A large audience turned out Friday evening for the opening night of Santa Catalina’s production of Fiddler on the Roof, which will be running for four performances during the next two weeks. The stagecraft for this production was ingenious in the way it used modular units on stage (the back of each unit representing parts of a different scene), which could be joined and then moved easily, quickly and silently in between scenes. It worked brilliantly. Stage lighting and sound management were likewise effectively managed and enhanced each scene. Director Lara Wheeler Devlin deserves a lot of credit for making all the complicated elements of this production work so well together. Musician Chris West also deserves kudos for the way she kept the nine musicians in the pit totally coordinated with the action on stage.
A small but highly appreciative audience attended the Wednesday, October 16 recital by tenor Ian Bostridge and pianist-composer Brad Mehldau at Stanford’s Bing Hall. The program rubric, “The Folly of Desire,” featured music by two composers, Mehldau and Robert Schumann. For the eleven songs by Mehldau, the self-immolating and often debased aspects of desire became subject matter for a series of jazzy treatments, more rhythmic and harmonic than conspicuously melodic. The poems Mehldau selects, from his “post MeToo” sensibility, derive from such diverse talents as Auden, Cummings, Shakespeare, Yeats, Blake, Brecht, and Goethe. Their content affirms, denies, mocks, and even salaciously depicts the more carnal implications of love – or rather, lust – in its attempt to achieve the spiritual resolution it might offer as agape. For Robert Schumann, whose music commanded the second half of the concert, his four independent songs and the 1840 cycle Dichterliebe, Op. 48, seek to reconcile love with Nature’s ineluctable tendency to make ephemeral our most exalted moments.
On Sunday, October 13, the Santa Cruz Symphony under the direction of Maestro Danny Stewart opened its 62nd season at the Mello Center for the Performing Arts with three works that covered a time span of some 250 years. In perfect tune with Maestro Stewart’s imaginative programming, the concert offered works the audience knows and loves, a concerto from Beethoven’s growth and development period, one of Stravinsky’s finest ballet scores and a new work by Mason Bates. The 2019-2020 season was off to a most exciting start.
Presented by the Carmel Music Society, Russian-American pianist Olga Kern made a triumphant return yesterday afternoon to Sunset Center in Carmel. Kern was elegantly dressed in a flowing red designer gown for the first half of the recital and in a flowing silver designer gown for the second half. Not only did her appearance make quite an impression, but so did her stage presence. An engaging smile and a charming manner when speaking to the audience won us over before she even played a note.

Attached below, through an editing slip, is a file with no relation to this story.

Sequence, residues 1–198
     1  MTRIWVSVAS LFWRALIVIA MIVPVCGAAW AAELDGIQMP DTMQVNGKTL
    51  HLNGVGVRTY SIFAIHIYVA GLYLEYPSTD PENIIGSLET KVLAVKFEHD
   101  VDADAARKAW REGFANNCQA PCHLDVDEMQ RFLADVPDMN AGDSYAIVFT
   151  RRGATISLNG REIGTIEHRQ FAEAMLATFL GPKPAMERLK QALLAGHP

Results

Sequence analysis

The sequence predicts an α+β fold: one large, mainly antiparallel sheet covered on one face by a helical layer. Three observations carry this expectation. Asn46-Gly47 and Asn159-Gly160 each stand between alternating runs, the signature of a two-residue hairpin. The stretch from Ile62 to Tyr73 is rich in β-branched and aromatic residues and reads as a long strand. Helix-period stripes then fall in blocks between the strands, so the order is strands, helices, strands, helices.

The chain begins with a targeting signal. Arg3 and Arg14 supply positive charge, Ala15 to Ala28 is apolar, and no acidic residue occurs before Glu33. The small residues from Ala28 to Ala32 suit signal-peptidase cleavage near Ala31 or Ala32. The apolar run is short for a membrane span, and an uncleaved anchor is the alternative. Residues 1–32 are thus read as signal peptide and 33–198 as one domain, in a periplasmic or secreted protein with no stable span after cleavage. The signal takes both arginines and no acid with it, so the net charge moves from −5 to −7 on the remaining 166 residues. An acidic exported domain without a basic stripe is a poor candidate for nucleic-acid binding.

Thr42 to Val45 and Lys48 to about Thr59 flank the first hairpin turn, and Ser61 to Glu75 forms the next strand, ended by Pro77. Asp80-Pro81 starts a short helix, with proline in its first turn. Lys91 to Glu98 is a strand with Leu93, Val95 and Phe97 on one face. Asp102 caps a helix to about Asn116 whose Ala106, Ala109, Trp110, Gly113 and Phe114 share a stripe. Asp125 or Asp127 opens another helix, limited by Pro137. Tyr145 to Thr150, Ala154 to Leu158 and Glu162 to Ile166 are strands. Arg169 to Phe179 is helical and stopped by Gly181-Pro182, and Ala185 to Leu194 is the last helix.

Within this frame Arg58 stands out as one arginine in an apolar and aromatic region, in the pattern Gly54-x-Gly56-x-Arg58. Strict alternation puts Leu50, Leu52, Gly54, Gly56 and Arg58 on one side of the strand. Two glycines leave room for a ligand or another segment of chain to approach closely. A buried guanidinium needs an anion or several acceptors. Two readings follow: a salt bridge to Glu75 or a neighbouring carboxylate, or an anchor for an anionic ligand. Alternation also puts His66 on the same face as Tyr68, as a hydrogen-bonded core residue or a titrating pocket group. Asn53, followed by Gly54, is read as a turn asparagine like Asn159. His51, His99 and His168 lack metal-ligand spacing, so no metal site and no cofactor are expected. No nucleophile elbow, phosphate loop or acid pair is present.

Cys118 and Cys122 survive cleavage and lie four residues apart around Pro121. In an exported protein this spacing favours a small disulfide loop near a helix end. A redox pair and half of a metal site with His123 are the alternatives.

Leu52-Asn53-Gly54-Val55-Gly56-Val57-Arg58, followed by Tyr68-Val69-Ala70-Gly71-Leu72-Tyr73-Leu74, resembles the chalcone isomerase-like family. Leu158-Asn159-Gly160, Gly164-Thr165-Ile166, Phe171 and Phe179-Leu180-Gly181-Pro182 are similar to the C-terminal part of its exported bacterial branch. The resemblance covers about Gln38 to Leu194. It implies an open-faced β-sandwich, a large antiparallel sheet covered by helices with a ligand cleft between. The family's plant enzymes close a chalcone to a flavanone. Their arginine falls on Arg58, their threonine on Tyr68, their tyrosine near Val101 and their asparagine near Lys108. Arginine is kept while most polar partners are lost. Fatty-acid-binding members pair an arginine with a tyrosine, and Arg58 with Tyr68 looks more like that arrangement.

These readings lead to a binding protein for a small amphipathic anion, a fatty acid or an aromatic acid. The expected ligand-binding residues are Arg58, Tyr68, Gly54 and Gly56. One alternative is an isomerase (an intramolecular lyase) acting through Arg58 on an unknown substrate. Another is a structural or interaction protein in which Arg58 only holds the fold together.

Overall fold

Peter Thorp, President of the Carmel Music Society had added some new technology to the afternoon’s recital. A video camera suspended over the piano keyboard projected a view from above of the pianist’s hands during the performances onto a screen over the stage. Thus, we could enjoy a side view from the audience plus a video top view of the pianist’s hands.
After a warmup performance of a rarely-heard Beethoven set of Variations on a Theme by Salieri, Kern settled in to perform one of the greatest works Beethoven ever composed for the keyboard, the Sonata No. 21 in C Major, Op. 53, known as the “Waldstein.” We heard a masterful performance of the first movement that held our attention throughout Beethoven’s presentation of compelling musical ideas, its powerful development section and satisfying recapitulation and coda. The brief second movement, Adagio Molto, served as an introduction to the concluding Rondo that was capped off by the Prestissimo finale. Kern brought a lot of charm, vitality and easy virtuosity to her performance of this sonata and made it look easy in the process.
It was a full house yesterday afternoon in the Recital Hall at MPC — 250 loyal fans, none of whom would miss an opportunity to hear David Gordon at his best. He fills all the roles of entertainer, raconteur, “dramaturge” (if he didn’t invent that term, he certainly owns it) and knock-em-dead singer in every style and genre known to man. Simply stated, he is a great and natural all-around musician, plus, incidentally, his guitar playing ain’t bad, either.